What we know about the struggle between the families of conspirator Alex Jones and Sandy Hook over his assets

HOUSTON (AP) – Bombastic conspiracy theorist Alex Jones was ordered to liquidate his personal assets because he owes $1.5 billion for his false claims that the 2012 Sandy Hook Elementary School shooting, which killed 20 first graders and six educators in Newtown, in Connecticut, was a hoax.

But the immediate future of his Infowars media platform and the money behind the venture that enriched Jones and connected him with far-right figures, celebrities and politicians remains unclear.

The federal bankruptcy judge who ordered the assets liquidated Friday also dismissed another bankruptcy case involving Infowars' parent company, Free Speech Systems.

Before the hearing, a combative Jones predicted that the end of Infowars could be “very soon,” and the website breathlessly warned that today could be its last broadcast. But he smiled as he left a few hours later, calling into an Infowars show to say: “Bizarre political attempts to hijack the operation have failed.” »

THE brawl over Jones assets reached this point after he and Free Speech Systems filed an application bankruptcy protection in 2022. This came as relatives of many Sandy Hook shooting victims won defamation judgments of more than $1.4 billion in Connecticut and $49 million in Texas.

Here are some things to know about the Jones and Sandy Hook families' efforts to force him to pay:

Who is Alex Jones and what is Infowars?

Jones, a barrel-chested, deep-voiced Texas man, conspiracy theories spring up these range from the 9/11 terrorist attacks to the so-called UN efforts regarding global depopulation.

Jones had just graduated from high school in Austin when he began broadcasting on a public television station in the 1990s. After being laid off from a local radio station, he began broadcasting from home through his site Internet Infowars.

Jones still hosts a daily four-hour talk show on the site. This week's interview guests included former Fox News star Tucker Carlson and British actor Russell Brand.

From just two employees in 2004, Jones grew his company into a media empire that had 60 people in 2010. Court records show his company has four studios in Austin and a warehouse for the products he sells online, such as dietary supplements with names like Infowars Life Brain Force Plus and Life Super Male Vitality. A large part of his income came from these sales.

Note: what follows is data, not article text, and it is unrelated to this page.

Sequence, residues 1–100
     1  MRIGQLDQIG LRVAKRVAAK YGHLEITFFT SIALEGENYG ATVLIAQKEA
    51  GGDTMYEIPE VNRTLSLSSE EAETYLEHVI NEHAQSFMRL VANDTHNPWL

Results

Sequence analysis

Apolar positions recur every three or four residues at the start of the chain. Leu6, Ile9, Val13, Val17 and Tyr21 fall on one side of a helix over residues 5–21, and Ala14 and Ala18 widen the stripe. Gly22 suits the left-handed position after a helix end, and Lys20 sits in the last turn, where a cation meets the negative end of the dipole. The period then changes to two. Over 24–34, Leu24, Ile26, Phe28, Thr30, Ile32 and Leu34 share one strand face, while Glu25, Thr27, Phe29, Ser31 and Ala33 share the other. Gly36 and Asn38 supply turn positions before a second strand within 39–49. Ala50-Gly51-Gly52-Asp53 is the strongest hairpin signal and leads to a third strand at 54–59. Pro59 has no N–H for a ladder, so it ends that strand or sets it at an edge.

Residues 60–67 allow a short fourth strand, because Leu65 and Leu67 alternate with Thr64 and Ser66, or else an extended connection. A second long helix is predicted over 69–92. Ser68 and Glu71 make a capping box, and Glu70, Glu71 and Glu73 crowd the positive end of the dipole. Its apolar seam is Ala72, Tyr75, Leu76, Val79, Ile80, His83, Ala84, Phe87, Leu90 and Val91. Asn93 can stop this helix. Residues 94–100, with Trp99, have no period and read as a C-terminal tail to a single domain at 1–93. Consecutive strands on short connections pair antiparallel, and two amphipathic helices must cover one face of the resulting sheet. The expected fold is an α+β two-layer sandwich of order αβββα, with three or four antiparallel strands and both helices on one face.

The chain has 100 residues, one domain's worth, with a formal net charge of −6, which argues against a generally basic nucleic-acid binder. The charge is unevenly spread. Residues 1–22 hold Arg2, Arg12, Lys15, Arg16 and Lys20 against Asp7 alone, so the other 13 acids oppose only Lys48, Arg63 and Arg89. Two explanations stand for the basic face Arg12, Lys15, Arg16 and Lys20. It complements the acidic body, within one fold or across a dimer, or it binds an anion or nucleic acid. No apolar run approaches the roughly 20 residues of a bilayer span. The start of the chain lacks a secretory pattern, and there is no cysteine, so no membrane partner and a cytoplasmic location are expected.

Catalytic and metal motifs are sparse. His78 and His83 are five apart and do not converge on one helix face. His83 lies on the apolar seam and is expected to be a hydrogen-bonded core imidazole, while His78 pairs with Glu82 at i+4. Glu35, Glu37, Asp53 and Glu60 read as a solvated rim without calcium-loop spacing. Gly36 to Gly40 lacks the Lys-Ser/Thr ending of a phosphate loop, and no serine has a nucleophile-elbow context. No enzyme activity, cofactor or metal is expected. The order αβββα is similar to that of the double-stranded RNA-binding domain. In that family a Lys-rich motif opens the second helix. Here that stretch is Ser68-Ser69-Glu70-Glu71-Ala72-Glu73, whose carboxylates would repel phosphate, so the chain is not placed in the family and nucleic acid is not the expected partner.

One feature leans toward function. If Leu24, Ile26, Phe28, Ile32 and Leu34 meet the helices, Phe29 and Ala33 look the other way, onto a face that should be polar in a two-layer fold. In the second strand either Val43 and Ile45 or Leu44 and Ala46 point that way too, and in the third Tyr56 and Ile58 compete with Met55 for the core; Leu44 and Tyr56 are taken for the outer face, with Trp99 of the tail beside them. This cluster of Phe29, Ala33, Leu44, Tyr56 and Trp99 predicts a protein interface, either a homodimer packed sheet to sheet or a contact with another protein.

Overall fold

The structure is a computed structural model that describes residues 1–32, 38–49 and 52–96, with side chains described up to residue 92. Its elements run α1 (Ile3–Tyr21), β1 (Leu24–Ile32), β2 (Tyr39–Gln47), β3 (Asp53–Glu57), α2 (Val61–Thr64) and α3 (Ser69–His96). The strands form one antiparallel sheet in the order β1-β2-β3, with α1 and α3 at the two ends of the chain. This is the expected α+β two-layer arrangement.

But Jones and attorneys for the Sandy Hook families have said they expect Infowars to cease operations at some point because of the enormous debt it now owes them.

The connection to Sandy Hook

Shooting This had barely happened when Jones began spreading the lie that it was a hoax. The victims' families who sued Jones said they were subjected to years of torment, threats and abuse from people who believed the lies told on his show. A father said conspiracy theorists urinated on his 7-year-old son's grave and threatened to dig up the coffin.

The families fought back with lawsuits in Connecticut and Texas.

Testifying in the Texas case, Jones admitted in 2022 that the shooting was “100% real” and that it was “absolutely irresponsible” to call it a hoax.

How much money does Jones have?

Jones owns about $9 million in personal property, including his home, according to court filings in his bankruptcy case, and Friday's ruling means much of that money must be sold. But his $2.6 million primary residence in the Austin area and some other assets are protected from bankruptcy liquidation. He has already decided to sell his Texas ranch, worth about $2.8 million, along with a gun collection and other assets.

The families have a lawsuit pending in Texas accusing Jones embezzlement and illegal concealment of millions of dollars. He denied the allegations.

What happens next?

It is not yet clear what will happen to the free speech and Infowars systems. Many Sandy Hook families had called for the company to be liquidated as well.

The only certainty lies in the continuation of legal battles. Lawyers involved in the case have discussed at least two possible scenarios.

One would be for Infowars and Free Speech Systems to continue operating while $1.5 billion in debt collection efforts are waged in state courts in Texas and Connecticut. The Sandy Hook families could also go back to bankruptcy court and ask the judge to liquidate the company as part of Jones' personal case, because he owns the company.

A trustee named Friday in Jones' bankruptcy case now has control of his assets, including Infowars, according to the families' lawyers.

One of them, Chris Mattei, on Friday called Infowars “soon to be gone.”

“Today is a good day,” Mattei said in a text message. “Alex Jones has lost ownership of Infowars, the corrupt company he has used for years to attack Connecticut families and many others.”

Jones seemed happy to continue operating for the time being.

“Of the two bad results, this one is much better,” Jones said. “I didn’t give up. I fight.”


Collins reported from Hartford, Connecticut, and Vertuno from Austin, Texas.

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